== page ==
A nomination in both an Actor/Actress category and a Supporting Actor/Actress category generally meant a major coupe for a solid character actor, however in 1942, Teresa Wright turned the tables on the Academy, using a double nomination to further her rising career as an ingénue!

Theatre aficionados would define an ingénue as a young romantic female lead between the ages of 16-30.  This definition would perhaps sum up most actresses in the prime of their career, and further, might suggest to me, a two dimensional character, designed to look good, and provide motivation to far more interesting actors. 

I might be a little off base in my definition, however, suffice it to say, in the early forties, Teresa Wright was being groomed in Hollywood for just such a role.  The fact that she could actually act was simply an added perk.  

Wright received three Oscar nominations during her career - remarkably for her first three films.  Her first nomination came in 1941, playing Bette Davis' disapproving daughter in The Little Foxes.  While she didn't win, the performance got her noticed, and suddenly she was getting roles that other actresses might only have dreamed of.  

Wright's persona was that of a sweet natured girl next door, and her studio, MGM, capitalized on that by giving her plum roles in high profile films.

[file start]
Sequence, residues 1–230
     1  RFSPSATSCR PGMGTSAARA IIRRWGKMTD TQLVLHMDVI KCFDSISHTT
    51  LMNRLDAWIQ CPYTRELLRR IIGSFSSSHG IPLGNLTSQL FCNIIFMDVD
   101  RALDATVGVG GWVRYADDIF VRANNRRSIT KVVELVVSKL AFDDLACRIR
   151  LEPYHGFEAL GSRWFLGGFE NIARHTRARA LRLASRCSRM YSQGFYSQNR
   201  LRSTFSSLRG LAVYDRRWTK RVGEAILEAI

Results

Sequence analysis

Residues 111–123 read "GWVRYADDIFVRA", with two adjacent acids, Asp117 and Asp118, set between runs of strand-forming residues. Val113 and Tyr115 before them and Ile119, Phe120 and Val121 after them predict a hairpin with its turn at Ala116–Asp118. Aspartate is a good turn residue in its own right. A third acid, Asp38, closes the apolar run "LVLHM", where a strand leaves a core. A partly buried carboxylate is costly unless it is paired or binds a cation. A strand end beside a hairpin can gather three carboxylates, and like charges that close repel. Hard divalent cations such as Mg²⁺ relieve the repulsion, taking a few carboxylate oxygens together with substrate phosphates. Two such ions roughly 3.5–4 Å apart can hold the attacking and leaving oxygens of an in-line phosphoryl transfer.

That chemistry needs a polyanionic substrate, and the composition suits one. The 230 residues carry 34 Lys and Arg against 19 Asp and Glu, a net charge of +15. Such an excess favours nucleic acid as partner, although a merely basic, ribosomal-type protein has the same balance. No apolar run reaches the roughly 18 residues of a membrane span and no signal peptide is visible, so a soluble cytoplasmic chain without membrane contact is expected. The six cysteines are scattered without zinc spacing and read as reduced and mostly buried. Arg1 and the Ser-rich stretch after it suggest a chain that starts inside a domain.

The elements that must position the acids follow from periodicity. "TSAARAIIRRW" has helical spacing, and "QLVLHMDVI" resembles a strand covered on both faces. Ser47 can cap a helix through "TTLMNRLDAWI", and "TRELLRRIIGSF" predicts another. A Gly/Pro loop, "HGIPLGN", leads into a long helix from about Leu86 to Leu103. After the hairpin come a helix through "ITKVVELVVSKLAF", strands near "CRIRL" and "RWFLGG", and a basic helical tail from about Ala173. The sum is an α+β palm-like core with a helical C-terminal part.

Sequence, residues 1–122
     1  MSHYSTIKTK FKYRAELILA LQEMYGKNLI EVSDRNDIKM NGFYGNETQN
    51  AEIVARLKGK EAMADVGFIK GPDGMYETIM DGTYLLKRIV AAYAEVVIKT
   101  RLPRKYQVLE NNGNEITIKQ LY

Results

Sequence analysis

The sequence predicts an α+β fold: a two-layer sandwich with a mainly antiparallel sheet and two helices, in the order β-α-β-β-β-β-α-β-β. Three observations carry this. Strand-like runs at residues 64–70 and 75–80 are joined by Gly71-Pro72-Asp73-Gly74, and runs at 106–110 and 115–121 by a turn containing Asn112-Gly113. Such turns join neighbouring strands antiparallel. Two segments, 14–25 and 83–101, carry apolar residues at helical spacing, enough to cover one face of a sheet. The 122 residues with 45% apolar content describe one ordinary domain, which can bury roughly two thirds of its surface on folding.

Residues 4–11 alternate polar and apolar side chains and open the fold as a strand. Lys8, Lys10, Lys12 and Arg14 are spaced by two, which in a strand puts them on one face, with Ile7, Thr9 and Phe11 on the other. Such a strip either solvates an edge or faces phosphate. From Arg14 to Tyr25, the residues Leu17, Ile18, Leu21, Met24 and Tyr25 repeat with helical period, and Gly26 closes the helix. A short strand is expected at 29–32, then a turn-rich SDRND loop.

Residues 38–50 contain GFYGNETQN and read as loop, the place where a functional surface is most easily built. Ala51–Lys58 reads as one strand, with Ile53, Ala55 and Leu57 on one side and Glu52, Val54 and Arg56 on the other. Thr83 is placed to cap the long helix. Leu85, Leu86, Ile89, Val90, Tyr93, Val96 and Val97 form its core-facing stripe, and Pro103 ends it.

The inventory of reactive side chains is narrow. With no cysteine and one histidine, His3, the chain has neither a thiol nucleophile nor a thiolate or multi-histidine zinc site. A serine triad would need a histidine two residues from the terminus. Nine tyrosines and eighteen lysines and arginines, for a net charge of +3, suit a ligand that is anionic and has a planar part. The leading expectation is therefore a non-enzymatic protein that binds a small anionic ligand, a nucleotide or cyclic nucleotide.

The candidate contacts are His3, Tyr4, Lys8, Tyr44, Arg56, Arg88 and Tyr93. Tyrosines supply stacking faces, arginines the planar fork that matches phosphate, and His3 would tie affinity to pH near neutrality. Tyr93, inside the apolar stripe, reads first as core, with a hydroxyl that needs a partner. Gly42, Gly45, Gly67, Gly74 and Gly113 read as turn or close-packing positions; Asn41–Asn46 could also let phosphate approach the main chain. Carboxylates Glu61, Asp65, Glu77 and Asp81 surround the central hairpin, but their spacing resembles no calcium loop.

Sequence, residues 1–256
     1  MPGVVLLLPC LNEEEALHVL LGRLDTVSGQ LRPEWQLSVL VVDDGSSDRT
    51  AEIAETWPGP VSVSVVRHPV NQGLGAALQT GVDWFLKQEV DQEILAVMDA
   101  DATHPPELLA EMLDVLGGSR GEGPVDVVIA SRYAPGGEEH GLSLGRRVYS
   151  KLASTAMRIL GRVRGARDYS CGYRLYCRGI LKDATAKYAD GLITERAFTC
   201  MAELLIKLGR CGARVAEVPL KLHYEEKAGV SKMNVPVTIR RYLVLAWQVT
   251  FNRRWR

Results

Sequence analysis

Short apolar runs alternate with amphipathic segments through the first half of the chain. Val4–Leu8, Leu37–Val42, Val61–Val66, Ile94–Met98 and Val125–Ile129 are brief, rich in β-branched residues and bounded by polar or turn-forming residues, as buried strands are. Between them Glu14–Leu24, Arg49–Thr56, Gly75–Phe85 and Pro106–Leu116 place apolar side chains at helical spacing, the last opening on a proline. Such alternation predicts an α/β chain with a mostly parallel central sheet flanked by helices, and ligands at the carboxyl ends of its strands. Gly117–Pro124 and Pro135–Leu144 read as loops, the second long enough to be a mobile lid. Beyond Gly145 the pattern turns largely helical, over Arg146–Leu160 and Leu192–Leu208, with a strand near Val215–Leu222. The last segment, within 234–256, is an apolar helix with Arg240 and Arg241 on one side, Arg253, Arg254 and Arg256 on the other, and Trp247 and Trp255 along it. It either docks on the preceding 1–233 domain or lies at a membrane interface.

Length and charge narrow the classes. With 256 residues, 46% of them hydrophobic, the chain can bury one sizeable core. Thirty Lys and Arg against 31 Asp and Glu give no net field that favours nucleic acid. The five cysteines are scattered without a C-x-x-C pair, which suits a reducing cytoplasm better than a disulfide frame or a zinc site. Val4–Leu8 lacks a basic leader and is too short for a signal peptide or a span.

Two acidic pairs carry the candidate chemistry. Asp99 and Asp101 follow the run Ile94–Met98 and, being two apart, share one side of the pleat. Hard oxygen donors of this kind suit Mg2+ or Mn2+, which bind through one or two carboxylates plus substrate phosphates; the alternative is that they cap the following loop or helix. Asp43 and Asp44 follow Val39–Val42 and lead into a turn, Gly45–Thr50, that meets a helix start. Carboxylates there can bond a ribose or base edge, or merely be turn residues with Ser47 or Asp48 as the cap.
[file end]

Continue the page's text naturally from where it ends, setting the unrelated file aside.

In 1942, with war on the horizon, Wright played in two very relevant films.  The first was Mrs. Miniver, a story about a family struggling through the war in England.  When the film was released, American involvement in World War II was just getting underway.  The events made this film all the more relevant.  Wright was given a supporting role, playing the sharp witted neighbor and love interest to Greer Garson's war-bound son.  

Wright was also cast in a leading role, starring opposite Gary Cooper in Pride of the Yankees, a biography about Lou Gehrig.  With baseball, the great American past time, taking a backseat to war, the film served as a symbolic reminder of the American way of life, and audiences loved it.  

The 1942 Oscar's honored Wright in both categories, giving her the leading Actress nomination for Pride of the Yankees.  While baseball was an American treasure,  the war was a gripping reality, and the Academy gave the Best Picture award to Mrs. Miniver.  Mrs. Miniver went on to sweep a host of other awards, including the Best Actress Oscar for its star, Greer Garson.  Wright would carry the torch for double nominees that year, taking home the Best Supporting Actress Oscar for her part in the patriotic film.   




An ingénue rides the wave of the war effort!
Teresa proves herself to be a mouthy ball fan!
With Walter Winchell, Teresa exerts her opinion of 'tanglefoot' Lou Gehrig.
... but she gets hers when she trips in front of his table. 
Word has it that Lou Gehrig is interested in the saucy Teresa.
Gary Cooper, as Lou Gehrig, wows Teresa on their first date.
Wright is given a chilly reception from her future mother-in-law. 
Gary tells Teresa that he has taken care of his issue with his mother, and then proposes marriage.
Teresa revels in being a ball players wife. 
The loving husband and wife spend the entire film  professing their love to each other.